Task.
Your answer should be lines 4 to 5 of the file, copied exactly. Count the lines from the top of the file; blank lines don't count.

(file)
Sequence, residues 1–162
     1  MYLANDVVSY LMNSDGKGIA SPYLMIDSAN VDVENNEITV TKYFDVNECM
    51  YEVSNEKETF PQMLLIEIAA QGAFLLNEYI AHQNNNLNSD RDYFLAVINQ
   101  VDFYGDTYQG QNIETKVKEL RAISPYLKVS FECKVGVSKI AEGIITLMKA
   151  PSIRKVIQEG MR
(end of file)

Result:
   101  VDFYGDTYQG QNIETKVKEL RAISPYLKVS FECKVGVSKI AEGIITLMKA
   151  PSIRKVIQEG MR